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New Task Force Taps Public, Private Sectors to Combat Ransomware

An alliance of tech heavyweights and cybersecurity groups have jointly launched a new initiative to battle ransomware operatives extorting millions of dollars from public and private institutions.

The Institute for Security and Technology (IST) has lifted off a Ransomware Task Force composed of experts in industry, government, law enforcement, nonprofits, cybersecurity insurance and international organizations to take on this “increasingly prevalent and destructive” cybercrime, the organization said.

Thus far, 17 founding task force members have signed on to build a roadmap of objectives, solutions and milestones to help cybersecurity decision-makers stake out their defensive and offensive positions. The association, which counts IT players Citrix, Cybereason, Datto, McAfee, Microsoft and Rapid7 along with the Cyber Threat Alliance, Global Cyber Alliance and SecurityScorecard among its initial task force seats, intends to produce white papers and consult with industry influencers in an advisory capacity.

IST officials said the collaboration sees ransomware as too great a threat for any single company or entity to combat on its own but instead requires resources commanded by a collective.

“You see ransomware as not just an increasing security threat, it is to the level of now where it’s putting hospitals, children, the elderly, financial institutions, everyone at risk,” Philip Reiner, who serves as IST executive chairman and heads the task force, told The Hill. “As a result, we were seized with the idea that creating a collaborative cross-sectoral grouping that is looking at it from a comprehensive, top-down policy approach could potentially have more effect,” he reportedly said.

The task force plans to discuss its recommendations with the new Congress and the Biden administration, banking on fresh “energy to do something about this so that 2021 is not just worse than 2020 like everyone assumes it’s going to be,” Reiner told The Hill. The cyber collaborators are “dead set on” not being just another set of recommenders talking about how to blunt ransomware, he said.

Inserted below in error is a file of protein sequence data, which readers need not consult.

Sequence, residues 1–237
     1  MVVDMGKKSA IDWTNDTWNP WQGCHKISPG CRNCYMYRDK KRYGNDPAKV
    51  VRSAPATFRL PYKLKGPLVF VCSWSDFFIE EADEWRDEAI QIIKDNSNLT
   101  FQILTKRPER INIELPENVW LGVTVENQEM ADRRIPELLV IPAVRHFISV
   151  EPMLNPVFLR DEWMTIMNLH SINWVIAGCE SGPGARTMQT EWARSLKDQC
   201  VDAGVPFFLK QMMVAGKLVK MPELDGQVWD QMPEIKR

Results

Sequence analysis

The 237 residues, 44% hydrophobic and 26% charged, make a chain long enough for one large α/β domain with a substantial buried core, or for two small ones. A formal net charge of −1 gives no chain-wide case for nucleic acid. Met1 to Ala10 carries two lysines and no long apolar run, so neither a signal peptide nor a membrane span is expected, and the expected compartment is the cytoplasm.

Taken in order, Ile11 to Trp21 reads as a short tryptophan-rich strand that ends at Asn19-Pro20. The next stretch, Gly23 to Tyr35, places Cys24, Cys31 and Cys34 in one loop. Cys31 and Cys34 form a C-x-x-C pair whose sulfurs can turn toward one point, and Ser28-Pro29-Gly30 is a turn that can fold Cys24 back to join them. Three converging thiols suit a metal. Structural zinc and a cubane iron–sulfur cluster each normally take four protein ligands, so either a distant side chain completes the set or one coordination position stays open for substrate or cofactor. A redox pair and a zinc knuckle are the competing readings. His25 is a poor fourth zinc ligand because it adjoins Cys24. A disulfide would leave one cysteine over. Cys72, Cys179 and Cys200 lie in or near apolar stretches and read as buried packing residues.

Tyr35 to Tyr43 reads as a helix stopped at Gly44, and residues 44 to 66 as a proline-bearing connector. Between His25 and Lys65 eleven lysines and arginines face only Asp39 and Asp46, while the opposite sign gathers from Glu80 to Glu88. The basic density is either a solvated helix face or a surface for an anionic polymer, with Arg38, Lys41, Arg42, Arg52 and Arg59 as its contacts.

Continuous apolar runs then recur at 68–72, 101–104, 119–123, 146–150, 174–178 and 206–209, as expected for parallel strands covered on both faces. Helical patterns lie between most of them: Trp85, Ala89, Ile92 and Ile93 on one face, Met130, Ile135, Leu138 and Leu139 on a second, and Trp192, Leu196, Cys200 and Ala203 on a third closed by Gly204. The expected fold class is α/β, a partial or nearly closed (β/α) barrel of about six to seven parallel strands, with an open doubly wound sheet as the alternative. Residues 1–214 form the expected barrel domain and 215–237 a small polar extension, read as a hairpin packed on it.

The California-based nonprofit’s task force is slated to launch its website, including full membership and leadership roles, in the next 10 days and post its opening slate of recommendations in roughly three months.

The IST’s task force surfaces after alleged Russian hackers weaponized SolarWinds Orion business software to unleash a series of malware attacks on multiple government, consulting, technology, telecom, and oil and gas companies in North America, Europe, Asia and the Middle East.

The enterprise may already have some spirited legislative wind at its back. President Biden’s proposed $1.9 trillion COVID-19 relief measure includes some $10 billion in cybersecurity and IT funding. In addition, Biden has appointed Anne Neuberger, director of cybersecurity at the National Security Agency, as deputy national security adviser for cyber and emerging technology.

Preceding ICT’s task force are dozens of cybersecurity-related provisions hailed by both sides of the aisle contained in the $740 billion 2021 National Defense Authorization Act (NDAA) vetoed by President Trump–snapping a 59-year streak of presidential approval–but subsequently codified into law in a Congressional override. Of the 77 cybersecurity articles in the NDAA, 27 are directly drawn from 25 recommendations presented by the Cyberspace Solarium Commission last year to improve the nation’s cybersecurity posture, including restoring a national cyber director within the White House responsible for coordinating federal cybersecurity policies.

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